As in all industries, regulations in the yachting industry change from time to time and it is up to professionals to keep their qualifications up to date. The situation for seafarers in yacht crew jobs is especially crucial and from 1st January 2017, crewmembers will need to acquaint themselves with new regulations. All crewmembers will be expected to complete a Standards of Training, Certification & Watchkeeping (STCW) refresher course to update their skills every five years.
Although the STCW Convention was drafted in 1978, it was not made mandatory until the 1995 amendments. Every working seafarer was expected to complete the appropriate training as a one-time qualification. The 2010 Manila Amendments have added more regulations on top of that, and the initial grace period is coming to a close, which has huge implications for the yachting industry. This recent change to training protocol will have the biggest impact on older crewmembers that do not have the STCW certification, since they will encounter it for the first time.
Updating skills is not just a matter of maximising employment opportunities, it also vital for everyone’s safety at sea. A 5-yearly refresher course will ensure crewmembers remain familiar with the latest training techniques so they can continue to do their jobs safely and to the best of their ability. Like other industry professionals, crewmembers are subject to ‘skills fade’, an occurrence where workers lose their skills due to a lack of practice. Up to 60% of information gained on a course is lost after just six months. With regards to fire fighting and sea survival in particularly, this is a very dangerous practice to perpetuate. Some crewmembers may never have taken their STCW safety courses in the first place. Since technology and safety practices are constantly evolving, up-to-date training is vital.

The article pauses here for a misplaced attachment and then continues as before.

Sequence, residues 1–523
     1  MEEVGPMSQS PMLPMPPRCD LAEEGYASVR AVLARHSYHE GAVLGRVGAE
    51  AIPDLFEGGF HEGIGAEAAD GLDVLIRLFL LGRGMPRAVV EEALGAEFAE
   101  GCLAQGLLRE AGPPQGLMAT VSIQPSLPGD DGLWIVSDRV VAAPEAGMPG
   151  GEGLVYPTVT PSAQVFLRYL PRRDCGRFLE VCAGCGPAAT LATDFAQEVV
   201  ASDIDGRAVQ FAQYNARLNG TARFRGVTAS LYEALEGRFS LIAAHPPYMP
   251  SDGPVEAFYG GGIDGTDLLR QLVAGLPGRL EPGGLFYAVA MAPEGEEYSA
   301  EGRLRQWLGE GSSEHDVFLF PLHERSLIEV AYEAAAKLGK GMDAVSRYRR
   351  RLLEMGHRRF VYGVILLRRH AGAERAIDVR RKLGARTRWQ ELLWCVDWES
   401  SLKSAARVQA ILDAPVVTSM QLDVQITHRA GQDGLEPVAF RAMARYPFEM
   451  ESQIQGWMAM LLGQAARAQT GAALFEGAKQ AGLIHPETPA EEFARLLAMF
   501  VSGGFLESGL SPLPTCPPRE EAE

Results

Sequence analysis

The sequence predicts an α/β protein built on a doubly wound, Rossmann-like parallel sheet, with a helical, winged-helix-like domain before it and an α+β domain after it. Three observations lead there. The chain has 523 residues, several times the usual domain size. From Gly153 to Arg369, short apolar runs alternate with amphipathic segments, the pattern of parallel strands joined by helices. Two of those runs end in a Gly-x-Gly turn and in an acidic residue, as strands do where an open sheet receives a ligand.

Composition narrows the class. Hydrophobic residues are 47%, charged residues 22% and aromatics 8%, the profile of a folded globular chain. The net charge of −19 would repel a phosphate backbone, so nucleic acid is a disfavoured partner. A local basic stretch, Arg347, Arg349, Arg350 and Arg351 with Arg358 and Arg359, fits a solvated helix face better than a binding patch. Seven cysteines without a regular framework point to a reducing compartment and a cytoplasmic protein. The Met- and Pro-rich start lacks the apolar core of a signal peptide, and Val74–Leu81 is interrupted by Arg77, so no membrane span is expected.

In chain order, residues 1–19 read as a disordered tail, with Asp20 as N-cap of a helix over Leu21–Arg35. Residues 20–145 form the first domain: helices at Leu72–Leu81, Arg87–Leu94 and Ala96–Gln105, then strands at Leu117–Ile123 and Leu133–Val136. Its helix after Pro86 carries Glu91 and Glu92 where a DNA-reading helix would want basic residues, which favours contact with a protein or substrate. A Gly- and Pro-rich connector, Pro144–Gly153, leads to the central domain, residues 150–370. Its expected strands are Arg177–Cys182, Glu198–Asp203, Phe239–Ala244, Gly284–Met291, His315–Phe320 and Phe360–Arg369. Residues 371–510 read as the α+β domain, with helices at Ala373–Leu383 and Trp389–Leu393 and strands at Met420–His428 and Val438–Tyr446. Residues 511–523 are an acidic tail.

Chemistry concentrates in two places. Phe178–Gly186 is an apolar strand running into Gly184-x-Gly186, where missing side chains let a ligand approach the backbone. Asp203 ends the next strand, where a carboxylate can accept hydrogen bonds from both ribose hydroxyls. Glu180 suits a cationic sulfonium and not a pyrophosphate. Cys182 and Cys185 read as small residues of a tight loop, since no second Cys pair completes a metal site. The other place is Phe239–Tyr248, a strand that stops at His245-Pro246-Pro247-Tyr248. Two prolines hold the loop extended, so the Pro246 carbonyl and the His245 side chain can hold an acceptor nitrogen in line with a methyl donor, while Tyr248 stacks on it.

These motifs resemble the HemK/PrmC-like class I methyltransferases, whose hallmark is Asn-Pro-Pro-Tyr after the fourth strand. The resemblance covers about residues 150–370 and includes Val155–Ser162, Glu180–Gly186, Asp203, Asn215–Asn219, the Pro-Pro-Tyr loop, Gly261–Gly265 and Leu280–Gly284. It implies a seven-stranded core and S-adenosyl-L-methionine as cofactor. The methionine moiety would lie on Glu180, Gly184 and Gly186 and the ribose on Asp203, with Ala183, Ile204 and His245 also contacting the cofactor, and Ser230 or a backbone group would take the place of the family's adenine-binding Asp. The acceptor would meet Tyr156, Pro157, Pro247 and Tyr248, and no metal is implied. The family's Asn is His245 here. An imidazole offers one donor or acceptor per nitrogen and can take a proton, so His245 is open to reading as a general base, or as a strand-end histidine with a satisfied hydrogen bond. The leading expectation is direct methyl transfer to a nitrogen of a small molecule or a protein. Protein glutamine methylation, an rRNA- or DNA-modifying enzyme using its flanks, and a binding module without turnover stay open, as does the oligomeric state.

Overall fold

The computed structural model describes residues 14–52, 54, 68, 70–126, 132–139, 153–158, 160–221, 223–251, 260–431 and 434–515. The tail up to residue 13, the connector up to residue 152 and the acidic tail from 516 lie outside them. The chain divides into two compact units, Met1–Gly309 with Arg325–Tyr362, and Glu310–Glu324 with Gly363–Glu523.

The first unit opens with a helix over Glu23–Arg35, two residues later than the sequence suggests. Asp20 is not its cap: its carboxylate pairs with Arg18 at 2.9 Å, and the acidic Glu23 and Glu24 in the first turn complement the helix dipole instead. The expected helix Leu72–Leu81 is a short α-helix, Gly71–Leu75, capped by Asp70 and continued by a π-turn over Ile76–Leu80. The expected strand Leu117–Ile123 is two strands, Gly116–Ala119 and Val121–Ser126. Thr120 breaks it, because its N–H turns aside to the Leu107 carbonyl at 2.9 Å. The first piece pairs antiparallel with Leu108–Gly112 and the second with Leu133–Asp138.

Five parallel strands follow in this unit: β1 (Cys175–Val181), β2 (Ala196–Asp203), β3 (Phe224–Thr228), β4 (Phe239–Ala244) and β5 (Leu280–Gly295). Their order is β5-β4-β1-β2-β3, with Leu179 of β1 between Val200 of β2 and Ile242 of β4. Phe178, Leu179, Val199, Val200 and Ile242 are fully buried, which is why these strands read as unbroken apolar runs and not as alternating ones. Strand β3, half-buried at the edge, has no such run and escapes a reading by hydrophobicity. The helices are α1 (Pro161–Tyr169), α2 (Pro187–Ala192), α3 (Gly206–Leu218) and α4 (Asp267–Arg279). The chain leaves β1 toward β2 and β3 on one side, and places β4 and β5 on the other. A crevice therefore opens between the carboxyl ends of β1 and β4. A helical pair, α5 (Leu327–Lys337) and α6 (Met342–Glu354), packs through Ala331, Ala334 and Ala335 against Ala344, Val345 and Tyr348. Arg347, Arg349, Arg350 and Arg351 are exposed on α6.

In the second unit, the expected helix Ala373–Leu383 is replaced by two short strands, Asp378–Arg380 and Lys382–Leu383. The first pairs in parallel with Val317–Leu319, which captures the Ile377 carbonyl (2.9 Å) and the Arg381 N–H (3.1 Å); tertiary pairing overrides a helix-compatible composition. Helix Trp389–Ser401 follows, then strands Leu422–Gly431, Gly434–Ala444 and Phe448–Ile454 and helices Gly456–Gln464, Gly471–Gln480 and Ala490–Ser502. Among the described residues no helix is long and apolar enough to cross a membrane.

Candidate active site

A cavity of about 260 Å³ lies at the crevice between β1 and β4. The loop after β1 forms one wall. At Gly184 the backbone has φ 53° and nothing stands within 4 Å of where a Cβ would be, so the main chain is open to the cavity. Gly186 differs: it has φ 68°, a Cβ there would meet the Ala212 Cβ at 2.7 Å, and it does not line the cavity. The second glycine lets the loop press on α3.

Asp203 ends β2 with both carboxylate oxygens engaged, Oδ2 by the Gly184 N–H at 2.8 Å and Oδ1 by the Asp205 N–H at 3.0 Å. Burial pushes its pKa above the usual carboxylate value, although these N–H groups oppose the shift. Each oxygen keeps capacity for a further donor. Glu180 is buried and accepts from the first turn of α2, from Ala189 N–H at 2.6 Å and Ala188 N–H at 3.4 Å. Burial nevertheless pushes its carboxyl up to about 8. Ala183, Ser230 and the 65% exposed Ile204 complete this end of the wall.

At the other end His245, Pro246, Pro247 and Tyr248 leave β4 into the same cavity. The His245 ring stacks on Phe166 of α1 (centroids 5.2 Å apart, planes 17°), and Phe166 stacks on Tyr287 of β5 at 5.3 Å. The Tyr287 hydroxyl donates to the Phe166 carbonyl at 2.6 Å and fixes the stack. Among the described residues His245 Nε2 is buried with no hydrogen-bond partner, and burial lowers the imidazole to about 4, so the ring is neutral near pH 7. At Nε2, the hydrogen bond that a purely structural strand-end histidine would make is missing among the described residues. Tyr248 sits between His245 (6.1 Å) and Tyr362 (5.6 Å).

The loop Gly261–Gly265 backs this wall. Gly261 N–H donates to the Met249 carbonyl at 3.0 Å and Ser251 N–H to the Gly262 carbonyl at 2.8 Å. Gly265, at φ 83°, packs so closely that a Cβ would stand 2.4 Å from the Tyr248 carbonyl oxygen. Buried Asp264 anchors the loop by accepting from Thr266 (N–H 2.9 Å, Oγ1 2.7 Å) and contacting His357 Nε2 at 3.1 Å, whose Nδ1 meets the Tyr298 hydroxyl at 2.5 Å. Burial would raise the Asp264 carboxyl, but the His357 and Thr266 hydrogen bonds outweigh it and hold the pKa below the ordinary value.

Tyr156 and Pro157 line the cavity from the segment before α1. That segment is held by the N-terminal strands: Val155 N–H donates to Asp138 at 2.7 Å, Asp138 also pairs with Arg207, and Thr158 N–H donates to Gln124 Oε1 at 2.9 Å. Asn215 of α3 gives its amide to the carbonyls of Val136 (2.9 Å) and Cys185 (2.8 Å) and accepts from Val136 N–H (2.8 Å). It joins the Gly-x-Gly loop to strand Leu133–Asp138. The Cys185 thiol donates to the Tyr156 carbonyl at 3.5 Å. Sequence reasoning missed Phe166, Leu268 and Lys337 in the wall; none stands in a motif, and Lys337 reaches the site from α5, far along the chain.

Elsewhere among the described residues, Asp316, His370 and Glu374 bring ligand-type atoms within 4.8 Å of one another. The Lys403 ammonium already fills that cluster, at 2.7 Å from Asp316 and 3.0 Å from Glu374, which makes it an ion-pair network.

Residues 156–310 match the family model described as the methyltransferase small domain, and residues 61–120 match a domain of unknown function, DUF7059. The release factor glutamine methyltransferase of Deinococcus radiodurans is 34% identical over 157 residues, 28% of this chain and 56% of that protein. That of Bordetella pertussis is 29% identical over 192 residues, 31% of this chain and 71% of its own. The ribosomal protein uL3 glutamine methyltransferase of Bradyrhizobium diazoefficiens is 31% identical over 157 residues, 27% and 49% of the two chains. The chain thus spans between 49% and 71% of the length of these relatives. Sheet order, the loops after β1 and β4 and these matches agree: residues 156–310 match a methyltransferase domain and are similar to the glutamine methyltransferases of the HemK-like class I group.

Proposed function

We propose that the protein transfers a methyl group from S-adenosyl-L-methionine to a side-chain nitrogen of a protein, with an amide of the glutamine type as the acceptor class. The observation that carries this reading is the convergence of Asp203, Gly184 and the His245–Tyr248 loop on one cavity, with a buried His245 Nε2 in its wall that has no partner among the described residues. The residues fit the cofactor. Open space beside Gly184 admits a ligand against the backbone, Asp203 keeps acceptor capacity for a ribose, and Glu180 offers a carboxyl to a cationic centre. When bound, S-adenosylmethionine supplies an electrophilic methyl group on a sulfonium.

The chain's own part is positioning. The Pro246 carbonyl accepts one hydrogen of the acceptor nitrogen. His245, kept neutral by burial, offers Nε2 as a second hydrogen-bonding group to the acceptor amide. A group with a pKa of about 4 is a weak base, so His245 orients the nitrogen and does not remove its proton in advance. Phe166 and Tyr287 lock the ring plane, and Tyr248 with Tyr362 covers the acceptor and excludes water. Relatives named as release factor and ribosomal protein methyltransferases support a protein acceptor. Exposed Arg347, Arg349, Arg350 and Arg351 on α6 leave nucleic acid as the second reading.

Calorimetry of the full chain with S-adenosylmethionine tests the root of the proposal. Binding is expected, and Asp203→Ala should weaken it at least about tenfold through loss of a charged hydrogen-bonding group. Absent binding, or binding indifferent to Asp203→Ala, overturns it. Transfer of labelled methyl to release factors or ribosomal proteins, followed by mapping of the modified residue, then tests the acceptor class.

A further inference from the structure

Despite an initial reluctance, seafarers should realise that the implementation of regular retraining is actually a great improvement for the industry. The actual retraining will only last for one day maximum and if you currently hold the STCW 95 certificate then the transition should be easy. Working seafarers that hold a Certificate of Competency (CoC), which predates the STCW, will be able to forgo full training and access the shorter refresher courses immediately. However, the type of training required would vary depending on your Certificate of Competency, so be sure to clarify this with a yacht crew agency.
STCW refresher training courses have been standardised by the MNTB, MCA and IASST and the following certificates are subject to the new regulations:
These regulations used to be interpreted differently by various administrations, but now they are all subject to the same rules, and confusing loopholes have been removed. Crewmembers can expect a much safer working environment from 2017 onwards.
These are the largest changes to regulations to take place in the yachting industry in the last decade. Since implementation is only five months away, it’s vital to keep on top of your training dates. If your certificates are already more than five years old, you need to book a refresher course now. The recent changes to regulations might seem overwhelming, but yacht crew agencies can offer an invaluable service in helping you to navigate through the murky waters of training requirements.
If you’d like more information on the specific technicalities of refresher courses in the yachting industry, consult an industry professional for yacht crew advice.
Disclaimer: while we have endeavoured to convey information as accurately as possible, we cannot be held responsible for inaccuracies in the provided information, as wording and interpretation are subject to change. For more information, please contact the relevant authority.